10 richest tribes in Kenya
Kenya is made up of 43 distinct tribes, each contributing to the country’s rich cultural diversity.
The Kikuyu are the largest and richest tribe in Kenya, boasting a strong entrepreneurial spirit and success in commerce.
Remember that successful people may be found not only in every Kenyan tribe but also in every other ethnic group and nation on earth.
As a result, this information is not in any way a predictor of productivity or success rates.
To explore the richness of Kenyan culture, we have created a list of the richest tribes in Kenya.
1. The Kikuyu
Most people agree that the Kikuyu tribe is the wealthiest in Kenya. They are also the most educated and boast a huge pool of professionals in all sectors.
Another explanation for Kikuyu wealth is that they have long held key government posts and still control politics and the government.
The Kikuyus control multibillion-dollar businesses in banking, insurance, and medicine, among other sectors.
The Kikuyus are successful entrepreneurs and have companies in practically every part of Kenya.
In addition to their capacity to succeed in business, they are very strategic in their planning and make long-term investments in ventures that may not appear practical at first but eventually turn a profit.
One of the endearing qualities of Kikuyus is their modesty, frugality and disdain for showoffs.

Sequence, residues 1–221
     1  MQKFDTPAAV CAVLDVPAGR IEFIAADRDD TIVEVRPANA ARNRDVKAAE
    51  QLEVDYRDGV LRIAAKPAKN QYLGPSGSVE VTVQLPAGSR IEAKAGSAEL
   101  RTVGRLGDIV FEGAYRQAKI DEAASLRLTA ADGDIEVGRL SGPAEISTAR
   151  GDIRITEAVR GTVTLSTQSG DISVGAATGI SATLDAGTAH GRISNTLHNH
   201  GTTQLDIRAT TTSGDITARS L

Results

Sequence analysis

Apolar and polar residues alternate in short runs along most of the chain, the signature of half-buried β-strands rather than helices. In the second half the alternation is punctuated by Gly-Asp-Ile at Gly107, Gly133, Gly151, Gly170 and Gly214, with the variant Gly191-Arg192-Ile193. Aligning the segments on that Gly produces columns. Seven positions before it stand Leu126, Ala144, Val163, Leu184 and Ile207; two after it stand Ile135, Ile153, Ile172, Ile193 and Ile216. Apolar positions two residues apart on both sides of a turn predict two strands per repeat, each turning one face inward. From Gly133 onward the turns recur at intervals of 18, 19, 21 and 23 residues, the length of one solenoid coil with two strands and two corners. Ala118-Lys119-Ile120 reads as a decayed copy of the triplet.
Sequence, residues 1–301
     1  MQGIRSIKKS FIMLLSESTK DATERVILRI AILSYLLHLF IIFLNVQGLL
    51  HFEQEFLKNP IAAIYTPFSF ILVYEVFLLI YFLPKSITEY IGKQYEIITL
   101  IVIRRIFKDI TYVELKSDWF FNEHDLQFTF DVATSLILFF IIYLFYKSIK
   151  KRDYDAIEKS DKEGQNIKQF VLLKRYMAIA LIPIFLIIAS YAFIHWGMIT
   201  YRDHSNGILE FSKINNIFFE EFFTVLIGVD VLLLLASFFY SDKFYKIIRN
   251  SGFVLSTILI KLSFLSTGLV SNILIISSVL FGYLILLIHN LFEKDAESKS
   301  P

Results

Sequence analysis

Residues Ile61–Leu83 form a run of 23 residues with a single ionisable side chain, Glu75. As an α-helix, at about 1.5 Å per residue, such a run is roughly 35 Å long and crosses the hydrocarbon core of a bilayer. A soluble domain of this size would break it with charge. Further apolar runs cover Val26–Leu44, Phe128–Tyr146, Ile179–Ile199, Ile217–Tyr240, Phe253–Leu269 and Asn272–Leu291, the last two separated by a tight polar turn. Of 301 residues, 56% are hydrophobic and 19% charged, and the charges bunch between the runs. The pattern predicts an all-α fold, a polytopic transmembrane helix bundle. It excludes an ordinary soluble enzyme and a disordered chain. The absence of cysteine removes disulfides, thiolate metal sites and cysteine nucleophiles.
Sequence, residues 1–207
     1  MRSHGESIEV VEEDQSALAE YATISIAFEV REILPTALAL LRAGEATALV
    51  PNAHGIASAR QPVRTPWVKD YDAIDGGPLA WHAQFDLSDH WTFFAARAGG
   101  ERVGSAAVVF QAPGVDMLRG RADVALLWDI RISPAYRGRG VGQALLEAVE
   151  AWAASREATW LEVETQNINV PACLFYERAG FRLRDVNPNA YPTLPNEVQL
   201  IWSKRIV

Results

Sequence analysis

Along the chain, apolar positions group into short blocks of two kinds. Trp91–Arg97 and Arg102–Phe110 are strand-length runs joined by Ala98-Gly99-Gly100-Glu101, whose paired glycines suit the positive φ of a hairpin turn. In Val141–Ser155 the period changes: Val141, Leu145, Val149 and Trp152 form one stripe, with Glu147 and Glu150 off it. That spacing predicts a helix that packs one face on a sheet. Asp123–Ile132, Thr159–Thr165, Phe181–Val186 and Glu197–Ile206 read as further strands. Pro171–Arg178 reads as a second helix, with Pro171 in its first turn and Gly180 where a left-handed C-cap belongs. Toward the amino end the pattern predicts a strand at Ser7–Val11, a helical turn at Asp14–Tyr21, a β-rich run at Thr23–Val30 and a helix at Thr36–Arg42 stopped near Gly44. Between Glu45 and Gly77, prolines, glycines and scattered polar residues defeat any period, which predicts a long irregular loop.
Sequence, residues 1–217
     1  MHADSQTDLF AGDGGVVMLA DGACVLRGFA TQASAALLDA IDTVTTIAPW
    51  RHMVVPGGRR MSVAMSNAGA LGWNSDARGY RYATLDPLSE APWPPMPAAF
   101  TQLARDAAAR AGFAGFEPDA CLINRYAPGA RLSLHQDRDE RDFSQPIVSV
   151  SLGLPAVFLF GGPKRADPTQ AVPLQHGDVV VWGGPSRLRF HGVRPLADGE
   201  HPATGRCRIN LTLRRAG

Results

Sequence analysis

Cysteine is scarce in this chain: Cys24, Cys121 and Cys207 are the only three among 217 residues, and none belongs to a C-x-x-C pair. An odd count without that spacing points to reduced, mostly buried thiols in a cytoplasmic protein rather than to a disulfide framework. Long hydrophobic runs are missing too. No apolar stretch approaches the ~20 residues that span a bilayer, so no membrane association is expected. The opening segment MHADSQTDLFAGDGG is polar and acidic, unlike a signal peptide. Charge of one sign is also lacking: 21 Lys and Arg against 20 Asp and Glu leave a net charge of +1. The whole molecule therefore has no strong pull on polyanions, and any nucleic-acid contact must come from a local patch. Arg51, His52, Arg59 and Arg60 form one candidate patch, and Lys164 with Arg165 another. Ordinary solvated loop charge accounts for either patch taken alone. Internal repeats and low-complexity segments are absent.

Asians have lived in Kenya since long before the country gained its independence, and for many of them, this is their only home. Asians have a significant advantage when it comes to business because of their reach.
They maintain cordial and brotherly ties with individuals from various continents, which enables them to easily find production partners, financiers, and even export markets for the goods they manufacture.
Many people are already aware that Asians control a significant part of manufacturing, real estate, and wholesale and retail trading. They are frugal and tend to take calculated risks in business.
3. The Kalenjin
The Kalenjin have been agriculturalists since the first people arrived in what is now Kenya, and they continue to do so today. Many Kalenjins farm crops, including cereals and tubers, while others raise livestock.
Unfortunately, Kenya has yet to treat agriculture with the respect it deserves. However, as awareness of food security grows and Kenya begins to establish itself as one of the top food producers in the region, we are beginning to appreciate the true worth of farming and those who work in the industry.
The Kalenjin tribe also boasts a large number of engineers and other tech professionals.
The athletic success of Kenya at the world level has been largely attributed to Kalenjin, who have also achieved greatness in sports. In actuality, Kalenjin athletes have taken home the majority of the medals won by Kenyan athletes.
The Kisii’s work ethic is the secret to their wealth. The Kisii people are involved in both agriculture and business.
No matter how modest their farms are, the Kisii put a lot of effort into producing crops like grains, beans, and tubers, as well as farming animals for milk and meat.
Kisii people are widely dispersed and are known to identify and fill market gaps.